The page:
RM: Matt Jarvis, Wolverhampton Wanderers
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When Wolves came up into the Premier League, all the talk was of their bright, exciting young winger that was potentially going to terrorise a few opposition full-backs. They were talking about Michael Kightly, of course. But while Kightly has been blighted by injury, Jarvis has flourished away from the spotlight. Several decent performances last season played their part in helping Wolves to retain their Premier League status. But this season, with Kightly still nowhere to be seen, Jarvis has become Wolves' key man. Able to play on both sides, go either side of a player, cross, shoot and work his little socks off, Jarvis is the kind of player fans warm to. Random fact: both of his parents were professional table tennis players, don't you know.
CM: Luka Modric
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When Modric joined Spurs from Dinamo Zagreb in 2008, a lot of people were excited at the sort of impact that the stand-out star of Slaven Bilic's talented Croatia side might have in the Premier League. Perhaps the one reservation was whether a player so slight of build would be able to handle the energy and physicality of England's top flight. They needn't have worried - the inspirational midfielder has proved that he can mix it with the best of them, and buzzes around the field for the entire game, rarely tiring noticeably or needing to be withdrawn (at time of writing, he's completed 15 consecutive 90 minutes in the league). Much fanfare has been devoted to Rafael van der Vaart and Gareth Bale for 'taking Spurs to the next level' this season. Modric deserves every bit as much credit as those two, he just doesn't score enough goals to hit the headlines as often. But Andrea Pirlo's record of a goal every nine games for Milan is only slightly better than Modric's one in 11 for Spurs - and that hasn't stopped people praising him to to hilt during his time at the San Siro. Plus, I've a sneaky feeling Modric might start to add a few more goals to his repertoire soon, as he takes advantage of teams doubling up on Bale and Van der Vaart. Then perhaps he'll get the widespread acclaim he fully deserves.
CM: Alex Song, Arsenal
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Song and Arsenal are a perfect fit. It wouldn't be right if a side of Arsenal's daintiness had an out-and-out 'water carrier', ala Makelele, Tiote or Deschamps. I had a spell of observing Song regularly when I used to go and watch Charlton and he was on loan. You could see he had bags of ability, but he was prone to moments of dopiness or losses of concentration. Last season, with a prolonged run in the Arsenal team, he seemed to cut a lot of these out, with the one downside being that he stopped being remotely creative, settling on giving Arsenal some solidity in the centre. This season, growing in confidence, he's rediscovering his propensity to make inspirational bursts forward and give the team a kick up the backside when they begin to stagnate. Arsenal still have a tendency to be flakey, though perhaps less frequently as Song continues to bloom.
CM: John Obi Mikel, Chelsea
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It’s not been the smoothest of rides for Obi Mikel (or is it Mikel Obi? ) since he joined Chelsea back in 2006. Last season, with Essien out long-term, Mikel ended his comparisons to Makelele, and made himself a figure in the Chelsea midfield getting the nod over Deco, Joe Cole, and Michael Ballack. It has blown hot and cold for Chelsea this season, as they fell from a 5-point lead over the pack, down to 5th place in a few months, but for individual performances, Mikel is starting to demonstrate a self confidence in his own strength on the ball repeatedly over the past month, receiving the ball in close quarters in his own half, hold off two opposition players, emerge with the ball and move it forwards on to a blue shirt making the holding role his own. According to the stats, he has made an astonishing 4,598 passes (over 1,000 more than Scholes – just think about how many that actually is). He is the beating heart of this Chelsea team, moving the ball with metronomic precision.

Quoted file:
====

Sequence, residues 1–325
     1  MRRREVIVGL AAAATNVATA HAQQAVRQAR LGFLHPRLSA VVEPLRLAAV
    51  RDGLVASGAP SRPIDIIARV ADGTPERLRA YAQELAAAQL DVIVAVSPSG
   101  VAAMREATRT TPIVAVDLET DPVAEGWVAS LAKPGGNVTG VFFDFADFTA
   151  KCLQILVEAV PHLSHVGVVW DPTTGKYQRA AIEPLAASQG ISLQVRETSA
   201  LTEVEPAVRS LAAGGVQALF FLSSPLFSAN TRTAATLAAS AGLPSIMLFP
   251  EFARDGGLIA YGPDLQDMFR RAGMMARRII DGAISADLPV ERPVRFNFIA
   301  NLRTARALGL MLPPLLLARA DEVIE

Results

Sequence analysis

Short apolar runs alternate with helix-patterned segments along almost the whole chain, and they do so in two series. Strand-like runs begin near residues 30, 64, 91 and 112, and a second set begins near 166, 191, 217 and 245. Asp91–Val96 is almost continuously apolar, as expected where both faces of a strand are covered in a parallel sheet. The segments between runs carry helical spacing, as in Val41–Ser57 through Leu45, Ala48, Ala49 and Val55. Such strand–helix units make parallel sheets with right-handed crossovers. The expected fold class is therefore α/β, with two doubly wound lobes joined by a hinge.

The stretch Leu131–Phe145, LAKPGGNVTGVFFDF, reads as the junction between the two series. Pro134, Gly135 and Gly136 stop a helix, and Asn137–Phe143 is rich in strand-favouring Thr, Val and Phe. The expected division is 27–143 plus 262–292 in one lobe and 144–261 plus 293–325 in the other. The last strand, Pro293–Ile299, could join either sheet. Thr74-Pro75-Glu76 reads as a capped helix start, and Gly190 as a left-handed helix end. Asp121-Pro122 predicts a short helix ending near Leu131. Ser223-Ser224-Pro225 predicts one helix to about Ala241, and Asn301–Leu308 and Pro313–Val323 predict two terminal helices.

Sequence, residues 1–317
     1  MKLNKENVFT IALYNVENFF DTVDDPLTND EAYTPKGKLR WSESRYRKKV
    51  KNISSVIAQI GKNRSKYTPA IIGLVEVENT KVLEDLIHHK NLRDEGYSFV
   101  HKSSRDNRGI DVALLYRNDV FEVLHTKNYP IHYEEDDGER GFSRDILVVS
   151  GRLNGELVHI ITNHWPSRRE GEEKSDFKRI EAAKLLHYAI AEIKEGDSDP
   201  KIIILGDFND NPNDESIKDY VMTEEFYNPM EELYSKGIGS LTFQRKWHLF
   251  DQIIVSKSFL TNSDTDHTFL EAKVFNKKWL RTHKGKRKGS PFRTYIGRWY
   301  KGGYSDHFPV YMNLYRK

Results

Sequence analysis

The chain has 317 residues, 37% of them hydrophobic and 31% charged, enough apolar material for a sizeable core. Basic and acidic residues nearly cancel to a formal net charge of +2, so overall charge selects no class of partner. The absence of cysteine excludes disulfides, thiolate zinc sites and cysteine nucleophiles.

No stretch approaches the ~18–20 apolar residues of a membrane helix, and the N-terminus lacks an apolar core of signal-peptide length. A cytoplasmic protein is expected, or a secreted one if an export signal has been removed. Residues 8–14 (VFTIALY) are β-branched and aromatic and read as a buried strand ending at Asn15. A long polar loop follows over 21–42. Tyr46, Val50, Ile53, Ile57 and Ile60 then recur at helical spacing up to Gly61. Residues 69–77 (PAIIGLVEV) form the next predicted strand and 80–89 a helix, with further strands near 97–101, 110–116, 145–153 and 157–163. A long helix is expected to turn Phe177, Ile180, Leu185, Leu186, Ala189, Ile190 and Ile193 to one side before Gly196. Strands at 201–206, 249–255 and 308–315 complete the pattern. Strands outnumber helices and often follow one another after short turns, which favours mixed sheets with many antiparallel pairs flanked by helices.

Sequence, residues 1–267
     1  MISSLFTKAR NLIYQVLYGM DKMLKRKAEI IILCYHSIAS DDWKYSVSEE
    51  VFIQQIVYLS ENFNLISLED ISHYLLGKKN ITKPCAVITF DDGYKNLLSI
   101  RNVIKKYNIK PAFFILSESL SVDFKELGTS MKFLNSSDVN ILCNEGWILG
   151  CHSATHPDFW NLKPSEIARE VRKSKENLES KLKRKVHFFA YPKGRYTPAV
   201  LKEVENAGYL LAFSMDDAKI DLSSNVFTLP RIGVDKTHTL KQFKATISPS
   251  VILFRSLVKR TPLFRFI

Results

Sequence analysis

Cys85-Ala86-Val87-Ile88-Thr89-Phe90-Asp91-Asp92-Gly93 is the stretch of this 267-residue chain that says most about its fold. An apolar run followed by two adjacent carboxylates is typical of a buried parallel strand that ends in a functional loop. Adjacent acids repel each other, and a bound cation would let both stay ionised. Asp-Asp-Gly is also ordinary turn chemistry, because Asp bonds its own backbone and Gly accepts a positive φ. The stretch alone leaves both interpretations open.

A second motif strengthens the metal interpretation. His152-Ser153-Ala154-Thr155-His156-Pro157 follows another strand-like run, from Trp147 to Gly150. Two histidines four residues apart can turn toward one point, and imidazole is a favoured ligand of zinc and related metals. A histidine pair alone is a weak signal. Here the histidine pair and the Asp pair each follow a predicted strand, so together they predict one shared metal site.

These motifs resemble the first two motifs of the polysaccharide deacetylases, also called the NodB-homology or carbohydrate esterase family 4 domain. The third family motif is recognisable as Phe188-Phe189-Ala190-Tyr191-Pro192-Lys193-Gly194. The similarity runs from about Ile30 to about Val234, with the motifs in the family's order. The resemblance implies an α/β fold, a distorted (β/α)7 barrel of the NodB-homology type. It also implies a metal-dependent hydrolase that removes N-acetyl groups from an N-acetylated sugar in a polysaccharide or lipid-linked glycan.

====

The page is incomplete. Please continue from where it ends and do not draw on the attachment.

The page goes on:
ST: Dimitar Berbatov, Manchester United
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Incredible. Quite possibly the biggest improvement of the lot. Gone from being something of a collective joke to being a genuine contender for a Golden Boot. The Bulgarian initially joined Manchester United in a blockbuster transfer that saw him move from Spurs to the Red Devils in a deal worth around £30 million. After two seasons of poor showing, Berbatov was labeled as a flop. But constant backing from manager Sir Alex Ferguson has enabled him to ovecome comparisons with another United flop Diego Forlan and hit back at his critics, as the 30-year-old has now scored several goals for an Invincible United team.
His imagination and beautiful touch are assets any manager would love, yet he is an example of the policy that now applies at Old Trafford. There is little, if any, money to be recouped on a player who had turned 28 before the end of his first season with United. It is odd now to think, too, that Sir Alex Ferguson was being asked last summer if he would off-load Berbatov. "No, no definitely not," said the manager. "He's a fantastic player." I also hear he has a thing for mayonaise-filled gloves and carpeted vans.
Joey Barton, Newcastle United
Ben Foster, Birmingham City
Matt Jarvis, Wolverhampton Wanderers
Danny Welbeck, Sunderland (loan)
Johan Elmander, Bolton Wanderers
Chung-Yong Lee, Bolton Wanderers
Anderson, Manchester United
Stewart Downing, Aston Villa
Gareth Bale, Tottenham
Nani, Manchester United
Salomon Kalou, Chelsea
Seamus Coleman, Everton
While they've kicked on slightly, do not make this list on account of being so good last season too.